More than 20,000 American children were placed in group homes unnecessarily and for longer periods than they should, at higher cost to taxpayers and often to the kids’ detriment, according to data from 2013, the latest available.
Those findings are at the heart of the Kids Count report released today by the Annie E. Casey Foundation. Even though both research and federal law now emphasize keeping children who suffer from abuse or neglect with relatives or in foster homes, some states still put more than a quarter of those kids in group placement, the study found.
“A small number of kids have such complex needs that they will need specialized care in a residential setting,” said Rob Geen, the Casey Foundation’s policy reform director. “But that should be a small number. It should be used like an emergency room, as a short-term intervention to stabilize kids.”
The report recommends keeping children with their families whenever possible, with the help of services “that are designed to come to them.” Child welfare authorities should try to recruit and train more foster parents, courts should have to provide “substantial justification” for placements in settings like group homes and agencies should be keeping detailed data on both placements and outcomes to guide their decisions, the foundation urged.
Geen said there’s bipartisan support to move public policy in that direction. The Senate Finance Committee, which oversees foster care legislation, is holding a hearing on the issue today, and President Obama’s latest budget includes increased support for foster care and treatment.
“We feel like we’re at a tipping point,” he said. “We’ve got momentum. We know from research what the right thing to do is, and we’re aligning our resources and our policy with what we now know.”
But of the more than 400,000 kids in the care of child welfare agencies in 2013, about 57,000 — roughly one in seven — were placed in group homes rather than in the care of relatives or foster families. And about 23,000 of those had “no documented clinical or behavioral need that might warrant placing a child outside a family,” according to the report.
Geen said that figure is likely to be “just the tip of the iceberg.”
“There are lots of other kids who have clinical needs who could be cared for in their own families or in another family setting,” he said. “I think if you apply the ‘my child’ test to these kids — what would we do if this child was ours? — just because a child has depression doesn’t mean you send a child off to an institution.”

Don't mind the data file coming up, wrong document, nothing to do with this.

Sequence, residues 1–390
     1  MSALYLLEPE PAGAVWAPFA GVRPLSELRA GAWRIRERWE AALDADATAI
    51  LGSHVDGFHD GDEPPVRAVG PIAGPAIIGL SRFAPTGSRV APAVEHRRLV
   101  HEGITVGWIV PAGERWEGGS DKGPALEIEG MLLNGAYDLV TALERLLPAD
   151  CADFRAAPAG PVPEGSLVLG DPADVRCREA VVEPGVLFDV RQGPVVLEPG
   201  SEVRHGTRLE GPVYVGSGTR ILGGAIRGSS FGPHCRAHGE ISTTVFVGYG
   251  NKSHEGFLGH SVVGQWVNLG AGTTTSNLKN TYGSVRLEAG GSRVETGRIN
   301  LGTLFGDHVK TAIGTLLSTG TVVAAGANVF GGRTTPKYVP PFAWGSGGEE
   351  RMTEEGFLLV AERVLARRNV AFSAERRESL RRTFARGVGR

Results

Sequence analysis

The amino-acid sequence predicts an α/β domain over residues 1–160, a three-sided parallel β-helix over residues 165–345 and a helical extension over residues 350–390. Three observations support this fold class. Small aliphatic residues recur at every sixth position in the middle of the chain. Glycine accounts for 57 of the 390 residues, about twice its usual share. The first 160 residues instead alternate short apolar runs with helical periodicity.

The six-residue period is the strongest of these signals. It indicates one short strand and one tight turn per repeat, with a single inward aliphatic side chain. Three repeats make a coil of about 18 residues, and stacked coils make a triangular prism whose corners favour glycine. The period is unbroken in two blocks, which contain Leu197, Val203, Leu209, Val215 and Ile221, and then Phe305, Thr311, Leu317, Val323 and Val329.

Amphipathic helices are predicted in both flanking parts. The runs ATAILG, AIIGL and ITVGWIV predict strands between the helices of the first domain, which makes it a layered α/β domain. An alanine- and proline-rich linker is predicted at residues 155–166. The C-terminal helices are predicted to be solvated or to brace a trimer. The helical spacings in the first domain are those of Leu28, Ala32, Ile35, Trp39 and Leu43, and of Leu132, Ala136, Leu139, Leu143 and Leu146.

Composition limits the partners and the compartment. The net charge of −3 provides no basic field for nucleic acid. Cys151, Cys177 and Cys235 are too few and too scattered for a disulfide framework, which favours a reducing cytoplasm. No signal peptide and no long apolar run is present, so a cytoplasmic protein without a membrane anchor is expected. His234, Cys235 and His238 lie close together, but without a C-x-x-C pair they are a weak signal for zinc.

Children in group homes are more likely to test lower than their peers in English and math, less likely to graduate from high school and more than twice as likely to be arrested as those placed in foster homes. In addition, young children in group placements are at high risk of attachment disorders, experts say. More than 11,000 of the group-home population was under 13, the report found.
“Those are particularly concerning, because child developmentalists will tell you the family setting is even more critical for young kids,” Geen said.
As if that’s not bad enough, Geen said the average group-home stay is far longer than most experts recommend. Most children see improvement in three to six months, after which the gains tail off or even reverse — but the average stay is now eight or nine months, at a cost to taxpayers that can run up to 10 times the cost of family placement.
“We’re keeping kids long past the time that’s long past any therapeutic value that’s being provided by the residential setting,” he said. “So we’ve got to prevent kids from coming in in the first place if they don’t need it, then using the residential setting for what it’s meant — to stabilize them so that they can perform and succeed in a family setting.”
The states with the lowest share of kids in group homes were Oregon, Kansas, Maine and Washington, where the numbers were 5 percent or less. In four states — West Virginia, Wyoming, Rhode Island and Colorado — the share of children and teenagers placed in group homes topped 25 percent. The highest was in Colorado, at 35 percent.
In part, Geen said, that’s because different states have adapted more quickly to the shift in policy that now emphasizes keeping youths in a family setting whenever possible. They’ve set up mechanisms to train and support relatives who can take in traumatized children or recruited more foster families; the states that haven’t done that are sending more kids to group homes “because that’s all that they’ve got,” he said.
“Until recently we thought that institutional care with nice buildings and rolling hills was actually good for kids,” Geen said. “What we know now from the research is that family is critical for a child to overcome the trauma they’ve experienced from abuse and neglect.”